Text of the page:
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Most people don't breast feed do they?

(146 Posts)
ElBombero Wed 09-Oct-13 23:26:12

Or do they?

As a mum do a DS who is EBF I am just utterly amazed at the reaction to me feeding him. It's like I'm mental.

Lost count of the times I've been told / asked
Is he getting enough? He's using you for comfort? Maybe a bottle of formula at night to help him settle, or and latest from MIL after DS put on 11oz in one week...

". Do you think BM is enough for him? He's growing so much..."
Errr yeah he's growing so well cos of the BZm

juneau Thu 10-Oct-13 16:32:25

Almost everyone I know started to BF and most then introduced formula and mix-fed from about three months (wealthy area in the SE).

I never saw the point of mix feeding though if BFing is going well and all that faff with sterilising bottles? I couldn't be arsed! BF truly is the lazy woman's choice grin

PatoBanton Thu 10-Oct-13 16:34:50

I'll back you on that Juneau smile

I know if I FF'd we'd run out of bottles in the same way we run out of plates.

nickelbabe Thu 10-Oct-13 16:37:07


"Summary of results

Initiation of breastfeeding

In England the breastfeeding initiation rate was 73.9% in 2012/13, which is similar to the annual percentage for 2011/12 (74.0%) and slightly higher than 2010/11 (73.7%), 2009/10 (72.8%) and 2008/09 (71.7%) (Table 1).

Amongst SHAs, the initiation rate varied from 59.3% in North East SHA to 86.8% in London SHA (Table 4).

Amongst the 147 PCTs that passed validation, breastfeeding initiation ranged from 40.8% in Knowsley PCT to 94.7% in Haringey Teaching PCT (Table 4).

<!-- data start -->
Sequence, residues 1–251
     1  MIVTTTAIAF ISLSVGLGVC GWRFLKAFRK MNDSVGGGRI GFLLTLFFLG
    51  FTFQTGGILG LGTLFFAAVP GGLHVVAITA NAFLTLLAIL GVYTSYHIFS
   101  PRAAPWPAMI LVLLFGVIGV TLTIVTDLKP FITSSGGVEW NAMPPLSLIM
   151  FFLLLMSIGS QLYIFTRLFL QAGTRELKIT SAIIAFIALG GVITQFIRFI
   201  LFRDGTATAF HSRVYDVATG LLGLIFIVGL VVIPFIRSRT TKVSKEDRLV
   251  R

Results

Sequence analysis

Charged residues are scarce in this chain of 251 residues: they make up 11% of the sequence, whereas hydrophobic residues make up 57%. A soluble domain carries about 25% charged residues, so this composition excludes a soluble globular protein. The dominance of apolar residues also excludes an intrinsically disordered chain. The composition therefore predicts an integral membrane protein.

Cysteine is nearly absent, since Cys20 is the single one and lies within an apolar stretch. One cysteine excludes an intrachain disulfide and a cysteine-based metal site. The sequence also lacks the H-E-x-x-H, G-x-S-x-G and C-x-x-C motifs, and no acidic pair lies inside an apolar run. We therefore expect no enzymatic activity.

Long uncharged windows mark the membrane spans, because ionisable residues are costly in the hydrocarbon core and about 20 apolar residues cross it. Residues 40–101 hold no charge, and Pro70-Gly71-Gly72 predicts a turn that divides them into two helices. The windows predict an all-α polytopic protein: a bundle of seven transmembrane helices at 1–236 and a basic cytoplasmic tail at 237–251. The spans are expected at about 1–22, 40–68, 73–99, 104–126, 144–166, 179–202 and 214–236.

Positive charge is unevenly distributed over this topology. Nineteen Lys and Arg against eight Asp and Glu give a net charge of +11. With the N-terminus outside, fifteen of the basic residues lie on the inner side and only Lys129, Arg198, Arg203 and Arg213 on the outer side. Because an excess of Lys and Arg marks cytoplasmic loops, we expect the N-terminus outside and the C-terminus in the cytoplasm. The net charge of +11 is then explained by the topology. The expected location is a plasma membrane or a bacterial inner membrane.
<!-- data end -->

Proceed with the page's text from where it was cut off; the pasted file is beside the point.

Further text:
Prevalence of breastfeeding at 6-8 weeks

The 6-8 week breastfeeding prevalence figures are based on the number of infants recorded by PCTs as totally or partially breastfeeding, as a percentage of all infants due a 6-8 week check.

When making comparisons over time, it is best to limit this to those quarters with high and consistent levels of coverage. There is evidence that the significant improvements in data coverage that were achieved in the early quarters of data collection affected the comparability of the prevalence estimates over time. This is because improvements in coverage have resulted in the inclusion in the statistics of a disproportionately higher number of women who are not breastfeeding.

In England the breastfeeding prevalence at 6-8 weeks in 2012/13 was 47.2% of infants due a 6-8 week check, the same as recorded in 2011/12 (Table 2).

In England the breastfeeding prevalence at 6-8 weeks in 2012/13 Quarter 4 was 46.8% of infants due a 6-8 week check, similar to the figure of 46.9% recorded in 2011/12 Q4 (Table 2).

Amongst the seven SHAs who passed validation, prevalence as a percentage of infants due a 6-8 week check varied from 31.9% in North East SHA to 50.7% in South Central SHA (Table 6).

Amongst the 125 PCTs that passed validation, breastfeeding prevalence as a percentage of infants due a 6-8 week check ranged from 15.7% in Knowsley PCT to 81.6% in City & Hackney PCT (Table 6)."

nickelbabe Thu 10-Oct-13 16:39:19

I live in the south east too, and hardly anyone I know breastfeeds exclusively, or at all, or did it for more than 6 months.
in fact, most of the people I see at group are FF before the baby is 6 months.

PissesGlitter Thu 10-Oct-13 16:40:04